Talkback: Couch grass

Posted: 14/02/2013 at 21:45
One option is to use landscape fabric to cover the infectted area and make sure you weight it down well at the edges. It looks unsightly and it does tke some weeks to weaken the weeds but it does work and now would be a good time to start. There is an additional advantage that you can cut cross shaped slits in the fabric and plant throught these into the soil leaving the leaves of the plant you want to grow above the surface and pin down the cut ends around it with bent wire etc. Slugs will want to use it as a refuge of course; slug pellets or regular killing forays by hand recommended.

Talkback: Growing a yew hedge

Posted: 01/02/2013 at 01:08
I started some yew cuttings off last year and am pleased to see some of them have survived the Winter. I would like to experiment with doing some topiary with these as they grow and I have raised some Holly cuttings too with the same idea. It's going to take me a while to do this but like many people these days I am gardening on a budget.
I wrote in some years ago to Christopher Llloyd about his topiary article in The Guardian asking how this was done and he suggested his Father's book (Nathaniel Lloyd)"Garden Craftsmanship in Yew and Box" which is an inspiring read. I can certainly recommend it. David.

Help with creating new border

Posted: 01/02/2013 at 00:54

You might find it easier to use landscape fabric to suppress the grass abd any weeds growing amongst it. Nothing will grow through that and you can cut slits into the fabric and put in shrubs or other plants (provided the soil is warm enough) and they will thus have a head start over the weeds. It is important to tuck the fabric back around the plant you have put in the hole and peg it in place with  pieces of bent wire/ stones etc. Water can get in but plants cannot grow through it.

Covering the area you plan to plant with your new border with polythene can help to warm and dry out the soil to get it ready for seed sowing later. It's certainly cold and wet around this area and seeds will not germinate till the soil warms up.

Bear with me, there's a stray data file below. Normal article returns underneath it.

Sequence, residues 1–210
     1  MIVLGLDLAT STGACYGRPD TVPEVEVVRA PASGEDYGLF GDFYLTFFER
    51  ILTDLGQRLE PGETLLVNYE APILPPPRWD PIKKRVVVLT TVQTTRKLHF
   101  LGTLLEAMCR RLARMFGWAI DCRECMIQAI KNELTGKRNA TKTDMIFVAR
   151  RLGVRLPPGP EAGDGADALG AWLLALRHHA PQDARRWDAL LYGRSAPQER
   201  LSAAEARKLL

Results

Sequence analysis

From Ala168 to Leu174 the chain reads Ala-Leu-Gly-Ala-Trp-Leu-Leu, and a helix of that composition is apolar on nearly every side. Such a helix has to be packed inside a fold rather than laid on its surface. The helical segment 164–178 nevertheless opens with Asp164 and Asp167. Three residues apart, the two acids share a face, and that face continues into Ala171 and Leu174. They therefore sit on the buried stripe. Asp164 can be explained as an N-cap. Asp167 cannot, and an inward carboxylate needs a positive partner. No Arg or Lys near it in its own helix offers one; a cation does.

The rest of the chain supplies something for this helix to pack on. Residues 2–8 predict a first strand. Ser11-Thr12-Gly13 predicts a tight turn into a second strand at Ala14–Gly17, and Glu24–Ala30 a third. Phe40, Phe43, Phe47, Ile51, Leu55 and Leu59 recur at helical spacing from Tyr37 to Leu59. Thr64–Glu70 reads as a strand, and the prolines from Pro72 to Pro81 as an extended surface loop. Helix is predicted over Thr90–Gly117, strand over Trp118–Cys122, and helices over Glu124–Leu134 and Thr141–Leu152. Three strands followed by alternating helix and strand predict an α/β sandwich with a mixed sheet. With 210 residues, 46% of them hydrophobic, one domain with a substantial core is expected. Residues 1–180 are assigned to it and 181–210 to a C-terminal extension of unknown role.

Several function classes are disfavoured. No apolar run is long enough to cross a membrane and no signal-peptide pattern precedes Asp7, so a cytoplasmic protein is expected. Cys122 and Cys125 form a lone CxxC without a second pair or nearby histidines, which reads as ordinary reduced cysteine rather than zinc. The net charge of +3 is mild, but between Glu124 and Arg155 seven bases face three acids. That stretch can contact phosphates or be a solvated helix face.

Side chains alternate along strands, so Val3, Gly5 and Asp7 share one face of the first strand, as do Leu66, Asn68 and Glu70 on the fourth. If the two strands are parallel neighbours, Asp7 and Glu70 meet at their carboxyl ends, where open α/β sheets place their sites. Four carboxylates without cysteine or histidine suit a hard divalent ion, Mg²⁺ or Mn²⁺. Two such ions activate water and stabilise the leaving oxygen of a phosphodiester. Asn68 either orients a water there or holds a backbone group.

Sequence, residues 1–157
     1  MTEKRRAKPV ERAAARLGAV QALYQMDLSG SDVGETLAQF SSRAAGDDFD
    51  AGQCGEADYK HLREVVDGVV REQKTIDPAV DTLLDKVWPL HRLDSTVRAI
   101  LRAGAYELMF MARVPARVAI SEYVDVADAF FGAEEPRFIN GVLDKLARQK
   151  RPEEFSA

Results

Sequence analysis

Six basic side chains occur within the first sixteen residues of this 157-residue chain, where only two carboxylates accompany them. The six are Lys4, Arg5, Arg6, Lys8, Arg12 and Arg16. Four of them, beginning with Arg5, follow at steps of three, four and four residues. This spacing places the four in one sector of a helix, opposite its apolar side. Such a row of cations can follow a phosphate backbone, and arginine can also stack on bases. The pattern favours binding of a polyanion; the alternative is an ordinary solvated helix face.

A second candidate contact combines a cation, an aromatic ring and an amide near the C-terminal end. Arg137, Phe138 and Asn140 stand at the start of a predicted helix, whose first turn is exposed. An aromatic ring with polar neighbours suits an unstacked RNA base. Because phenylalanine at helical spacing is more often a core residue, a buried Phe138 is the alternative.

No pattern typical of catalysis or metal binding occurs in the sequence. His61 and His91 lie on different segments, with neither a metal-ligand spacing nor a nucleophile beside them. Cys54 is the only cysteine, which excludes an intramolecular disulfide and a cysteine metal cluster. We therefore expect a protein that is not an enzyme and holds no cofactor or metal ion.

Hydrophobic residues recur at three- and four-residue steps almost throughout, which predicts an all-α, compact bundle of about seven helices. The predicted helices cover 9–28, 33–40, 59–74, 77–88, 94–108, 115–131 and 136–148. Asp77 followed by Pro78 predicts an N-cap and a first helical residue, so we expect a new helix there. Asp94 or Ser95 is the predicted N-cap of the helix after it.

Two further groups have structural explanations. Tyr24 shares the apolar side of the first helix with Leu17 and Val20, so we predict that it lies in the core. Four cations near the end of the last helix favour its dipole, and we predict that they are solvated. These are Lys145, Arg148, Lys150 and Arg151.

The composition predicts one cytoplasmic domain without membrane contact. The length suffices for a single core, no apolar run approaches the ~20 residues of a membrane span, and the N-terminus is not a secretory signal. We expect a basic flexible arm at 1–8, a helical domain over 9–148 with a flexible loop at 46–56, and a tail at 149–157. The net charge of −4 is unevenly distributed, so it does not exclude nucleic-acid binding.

Chiltern Seeds and Thompson and Morgan sell a great range of hardy annual and shrub seeds, some of which need the frost to break the dormancy so now can bee a good time to sow them and it can be fun to see what comes up. A great advantage is it's also cheaper! 

 

Discussions started by Newcastle

Aeoniums from seed

Succulents 
Replies: 0    Views: 93
Last Post: 26/07/2014 at 11:54

Watsonias from seed

Hardening off seedlings 
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Last Post: 26/07/2014 at 10:49

Talkback: Making Christmas decorations

I was introduced to wreath making for the first time this year by a member of a community group I belong to in Nottingham. I take the point ... 
Replies: 0    Views: 229
Last Post: 28/12/2013 at 00:38

Strelitzia

Strelitza 
Replies: 2    Views: 627
Last Post: 12/12/2014 at 11:18

Edgworthia shubs

Anybody had much experience of growing these? 
Replies: 3    Views: 707
Last Post: 21/12/2013 at 22:56

Bromeliads from seed.

Bromeliads 
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Last Post: 14/09/2012 at 13:36

Pulmonarias - growing from seed.

Pulmonarias practicalities 
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Last Post: 08/03/2012 at 19:21

Talkback: How to create an autumn pot display

 
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Last Post: 07/12/2012 at 21:02

Talkback: RHS Chelsea Flower Show 2009 - companion planting

 
Replies: 13    Views: 1629
Last Post: 15/03/2013 at 09:16
9 threads returned